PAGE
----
In response to industry and community demands, the modelling and management of geotechnical risk has become a major issue in the design of all forms of physical infrastructure. Indeed, the natural variability in geological deposits, coupled with the existing uncertainty in loading conditions and limited on-site data, make this a very challenging aspect for government authorities and engineering practice. There is a compelling case to extend traditional deterministic design procedures to a stochastic framework. Areas of research within the PRCGSE that pertain to Geo-Risk include the development of new stochastic limit and shakedown analysis techniques to predict the load capacity of geostructures under static and cyclic loads and the risk-based prediction of slope stability and landslides and their effect on onshore and seabed infrastructure (such as pipelines).

Find out more about some of the current projects related to this theme:


Rockfall presents a significant risk to users and infrastructure in coastal areas, mountainous areas and along transport corridors of Australia, including in New South Wales. The PRCGSE is conducting world class research on all the aforementioned aspects of rockfall.

Proximity Remote Sensing and Continuous Monitoring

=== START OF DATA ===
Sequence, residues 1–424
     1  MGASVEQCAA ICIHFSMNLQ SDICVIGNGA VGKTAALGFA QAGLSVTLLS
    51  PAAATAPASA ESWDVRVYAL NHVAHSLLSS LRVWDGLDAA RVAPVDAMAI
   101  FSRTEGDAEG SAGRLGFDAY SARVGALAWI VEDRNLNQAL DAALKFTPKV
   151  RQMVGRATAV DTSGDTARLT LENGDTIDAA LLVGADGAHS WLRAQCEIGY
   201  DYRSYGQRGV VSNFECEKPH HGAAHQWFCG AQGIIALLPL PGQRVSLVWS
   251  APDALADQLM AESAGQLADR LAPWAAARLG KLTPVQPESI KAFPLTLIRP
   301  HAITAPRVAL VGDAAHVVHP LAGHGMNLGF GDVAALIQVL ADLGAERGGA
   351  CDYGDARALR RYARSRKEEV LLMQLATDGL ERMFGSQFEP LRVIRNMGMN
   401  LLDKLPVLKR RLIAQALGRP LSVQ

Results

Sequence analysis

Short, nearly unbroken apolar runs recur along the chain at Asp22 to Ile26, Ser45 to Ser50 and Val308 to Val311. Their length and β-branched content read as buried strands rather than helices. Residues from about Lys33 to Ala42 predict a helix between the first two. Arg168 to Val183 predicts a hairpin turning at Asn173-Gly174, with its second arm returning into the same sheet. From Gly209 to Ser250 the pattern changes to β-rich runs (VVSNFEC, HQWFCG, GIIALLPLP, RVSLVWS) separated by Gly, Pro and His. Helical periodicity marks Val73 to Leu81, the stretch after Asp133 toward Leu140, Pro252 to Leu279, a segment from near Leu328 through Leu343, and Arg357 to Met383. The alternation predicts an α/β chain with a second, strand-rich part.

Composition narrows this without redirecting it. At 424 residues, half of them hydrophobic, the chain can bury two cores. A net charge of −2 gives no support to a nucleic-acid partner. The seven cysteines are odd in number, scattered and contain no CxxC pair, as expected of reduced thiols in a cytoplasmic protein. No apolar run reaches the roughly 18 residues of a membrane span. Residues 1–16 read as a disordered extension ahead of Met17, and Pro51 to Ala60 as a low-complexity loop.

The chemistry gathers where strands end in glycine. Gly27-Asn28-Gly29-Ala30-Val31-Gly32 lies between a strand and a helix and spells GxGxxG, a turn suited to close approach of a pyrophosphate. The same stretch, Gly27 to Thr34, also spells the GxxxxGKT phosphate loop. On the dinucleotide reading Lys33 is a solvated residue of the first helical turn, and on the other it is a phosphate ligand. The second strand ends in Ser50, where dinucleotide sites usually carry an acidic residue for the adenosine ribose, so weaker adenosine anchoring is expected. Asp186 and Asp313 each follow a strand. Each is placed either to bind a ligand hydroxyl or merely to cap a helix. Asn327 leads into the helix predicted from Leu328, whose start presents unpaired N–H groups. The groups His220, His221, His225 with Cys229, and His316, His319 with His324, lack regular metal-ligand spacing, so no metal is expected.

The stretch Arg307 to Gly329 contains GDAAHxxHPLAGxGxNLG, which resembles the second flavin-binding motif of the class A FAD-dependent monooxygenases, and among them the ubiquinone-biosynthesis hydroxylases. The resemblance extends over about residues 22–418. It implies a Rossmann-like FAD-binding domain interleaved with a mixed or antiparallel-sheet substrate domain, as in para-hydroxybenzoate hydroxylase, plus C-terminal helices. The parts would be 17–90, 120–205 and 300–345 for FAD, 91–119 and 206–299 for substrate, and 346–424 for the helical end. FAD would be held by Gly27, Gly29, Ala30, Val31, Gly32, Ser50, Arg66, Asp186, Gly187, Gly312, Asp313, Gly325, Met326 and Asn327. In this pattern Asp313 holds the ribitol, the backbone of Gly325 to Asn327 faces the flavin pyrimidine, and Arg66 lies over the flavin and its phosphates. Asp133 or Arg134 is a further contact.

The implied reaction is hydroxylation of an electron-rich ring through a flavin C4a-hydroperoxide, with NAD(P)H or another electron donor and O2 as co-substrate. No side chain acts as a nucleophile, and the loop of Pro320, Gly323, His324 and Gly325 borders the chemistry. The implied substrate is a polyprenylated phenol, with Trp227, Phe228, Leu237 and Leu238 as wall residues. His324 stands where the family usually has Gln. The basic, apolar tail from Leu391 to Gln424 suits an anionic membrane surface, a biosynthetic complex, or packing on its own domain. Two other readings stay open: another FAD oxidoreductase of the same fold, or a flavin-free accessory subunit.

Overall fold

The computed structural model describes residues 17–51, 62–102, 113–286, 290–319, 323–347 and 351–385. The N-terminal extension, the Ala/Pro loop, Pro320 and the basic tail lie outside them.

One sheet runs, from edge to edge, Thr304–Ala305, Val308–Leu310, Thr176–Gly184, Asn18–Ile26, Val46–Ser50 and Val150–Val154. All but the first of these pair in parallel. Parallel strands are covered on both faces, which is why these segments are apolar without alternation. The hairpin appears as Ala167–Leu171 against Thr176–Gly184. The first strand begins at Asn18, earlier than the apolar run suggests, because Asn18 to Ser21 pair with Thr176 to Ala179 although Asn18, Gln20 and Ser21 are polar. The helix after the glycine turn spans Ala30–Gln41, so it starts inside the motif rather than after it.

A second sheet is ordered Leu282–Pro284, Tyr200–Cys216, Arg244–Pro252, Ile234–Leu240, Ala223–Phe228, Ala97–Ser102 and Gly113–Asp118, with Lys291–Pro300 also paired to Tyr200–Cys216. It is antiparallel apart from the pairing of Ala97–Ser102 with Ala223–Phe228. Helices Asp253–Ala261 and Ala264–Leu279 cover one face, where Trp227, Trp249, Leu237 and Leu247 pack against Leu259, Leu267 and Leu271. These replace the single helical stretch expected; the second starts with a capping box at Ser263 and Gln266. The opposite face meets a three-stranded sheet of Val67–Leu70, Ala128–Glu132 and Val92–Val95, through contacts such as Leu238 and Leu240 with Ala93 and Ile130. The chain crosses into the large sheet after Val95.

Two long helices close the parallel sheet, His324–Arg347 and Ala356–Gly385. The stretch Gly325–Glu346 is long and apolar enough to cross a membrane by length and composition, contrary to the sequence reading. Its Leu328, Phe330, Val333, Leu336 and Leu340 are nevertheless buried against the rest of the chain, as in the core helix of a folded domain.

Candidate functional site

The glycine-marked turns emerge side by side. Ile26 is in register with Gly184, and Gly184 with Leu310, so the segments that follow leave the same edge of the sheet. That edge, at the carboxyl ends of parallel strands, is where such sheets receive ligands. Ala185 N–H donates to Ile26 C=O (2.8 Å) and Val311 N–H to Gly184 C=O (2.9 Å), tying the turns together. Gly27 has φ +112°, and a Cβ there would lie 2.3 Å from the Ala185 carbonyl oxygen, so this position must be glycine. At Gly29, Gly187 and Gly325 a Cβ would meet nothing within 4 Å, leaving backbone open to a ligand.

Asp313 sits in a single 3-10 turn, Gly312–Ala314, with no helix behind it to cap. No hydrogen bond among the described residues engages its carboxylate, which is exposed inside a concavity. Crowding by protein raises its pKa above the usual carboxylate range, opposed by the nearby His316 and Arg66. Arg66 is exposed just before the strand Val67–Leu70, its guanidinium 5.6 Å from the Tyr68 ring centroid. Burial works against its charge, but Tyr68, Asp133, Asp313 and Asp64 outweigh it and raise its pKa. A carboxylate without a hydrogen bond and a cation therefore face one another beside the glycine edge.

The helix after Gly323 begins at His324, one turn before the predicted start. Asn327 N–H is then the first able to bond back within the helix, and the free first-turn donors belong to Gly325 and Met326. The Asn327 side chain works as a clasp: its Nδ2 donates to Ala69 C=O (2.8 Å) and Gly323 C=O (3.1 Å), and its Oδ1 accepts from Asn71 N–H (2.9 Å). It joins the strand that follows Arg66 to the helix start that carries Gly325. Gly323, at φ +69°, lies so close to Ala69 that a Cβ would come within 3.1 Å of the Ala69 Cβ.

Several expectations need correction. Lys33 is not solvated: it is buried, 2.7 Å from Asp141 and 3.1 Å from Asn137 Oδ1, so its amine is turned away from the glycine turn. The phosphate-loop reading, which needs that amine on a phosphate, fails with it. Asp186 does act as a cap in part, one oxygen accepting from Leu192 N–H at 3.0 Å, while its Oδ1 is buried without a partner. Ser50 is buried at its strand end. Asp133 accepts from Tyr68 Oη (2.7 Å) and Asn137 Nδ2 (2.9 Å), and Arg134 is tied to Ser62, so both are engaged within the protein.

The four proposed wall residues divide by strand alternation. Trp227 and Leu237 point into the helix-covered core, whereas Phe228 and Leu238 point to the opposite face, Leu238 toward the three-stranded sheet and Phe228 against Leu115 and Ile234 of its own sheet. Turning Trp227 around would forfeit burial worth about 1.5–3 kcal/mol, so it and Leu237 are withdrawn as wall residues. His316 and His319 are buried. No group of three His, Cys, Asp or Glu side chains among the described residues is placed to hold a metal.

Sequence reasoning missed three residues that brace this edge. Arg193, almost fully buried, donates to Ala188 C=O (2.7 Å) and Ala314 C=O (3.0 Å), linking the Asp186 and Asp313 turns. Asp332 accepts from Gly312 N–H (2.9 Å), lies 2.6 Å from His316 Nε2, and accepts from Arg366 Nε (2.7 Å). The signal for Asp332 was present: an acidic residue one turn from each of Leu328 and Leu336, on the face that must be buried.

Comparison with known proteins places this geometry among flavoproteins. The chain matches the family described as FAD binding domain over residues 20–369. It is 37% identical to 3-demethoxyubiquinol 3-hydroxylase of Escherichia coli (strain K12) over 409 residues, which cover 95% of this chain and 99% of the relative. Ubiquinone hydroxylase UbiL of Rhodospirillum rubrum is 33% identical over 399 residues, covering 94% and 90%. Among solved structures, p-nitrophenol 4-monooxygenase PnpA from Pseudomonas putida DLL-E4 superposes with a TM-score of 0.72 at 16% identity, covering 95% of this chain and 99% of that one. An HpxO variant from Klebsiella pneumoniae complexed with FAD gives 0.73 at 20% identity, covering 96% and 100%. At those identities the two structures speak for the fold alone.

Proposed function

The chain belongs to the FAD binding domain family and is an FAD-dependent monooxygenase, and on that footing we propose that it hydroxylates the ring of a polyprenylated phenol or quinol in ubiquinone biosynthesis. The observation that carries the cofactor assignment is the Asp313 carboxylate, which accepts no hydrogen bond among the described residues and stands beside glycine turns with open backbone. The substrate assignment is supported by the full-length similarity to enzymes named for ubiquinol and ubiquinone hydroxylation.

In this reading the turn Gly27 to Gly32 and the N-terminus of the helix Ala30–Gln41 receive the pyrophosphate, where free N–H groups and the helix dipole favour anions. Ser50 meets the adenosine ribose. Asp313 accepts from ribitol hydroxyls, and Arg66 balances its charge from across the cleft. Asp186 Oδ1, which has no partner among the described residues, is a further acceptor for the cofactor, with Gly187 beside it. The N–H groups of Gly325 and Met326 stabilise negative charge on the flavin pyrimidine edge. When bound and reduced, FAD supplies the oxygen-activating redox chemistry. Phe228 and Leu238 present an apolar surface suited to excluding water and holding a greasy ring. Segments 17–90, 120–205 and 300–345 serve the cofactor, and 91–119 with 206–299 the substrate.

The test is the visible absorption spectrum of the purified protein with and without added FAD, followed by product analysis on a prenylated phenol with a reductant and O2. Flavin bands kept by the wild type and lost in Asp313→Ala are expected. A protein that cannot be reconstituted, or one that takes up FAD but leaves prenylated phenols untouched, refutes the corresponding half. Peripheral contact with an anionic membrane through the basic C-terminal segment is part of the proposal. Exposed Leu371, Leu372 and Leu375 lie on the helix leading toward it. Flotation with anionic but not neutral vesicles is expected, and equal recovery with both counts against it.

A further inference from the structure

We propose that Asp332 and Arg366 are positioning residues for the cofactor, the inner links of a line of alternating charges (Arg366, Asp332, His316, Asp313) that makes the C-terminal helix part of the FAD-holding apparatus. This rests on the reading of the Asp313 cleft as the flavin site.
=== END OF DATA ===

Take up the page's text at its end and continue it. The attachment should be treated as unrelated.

The PRCGSE is conducting innovative world class research to understand the limits of current technologies and to develop new low-cost effective systems for continuous monitoring.

Bayesian back analysis for settlement prediction of embankments built on soft soils

The Bayesian approach is a statistically based method that finds the most probable fit to the monitoring data conditional on the adopted geotechnical material parameters and measurement errors.

Data-driven predictive railway maintenance for preventing track failure

Every year, railway organisations spend large amounts of money on rail track maintenance and renewal works to ensure proper serviceability of the railroad network.

Efficient early warning modelling for predicting landslides

Read about the PRCGSE's proposed early warning model for predicting landslides due to heavy rainfall.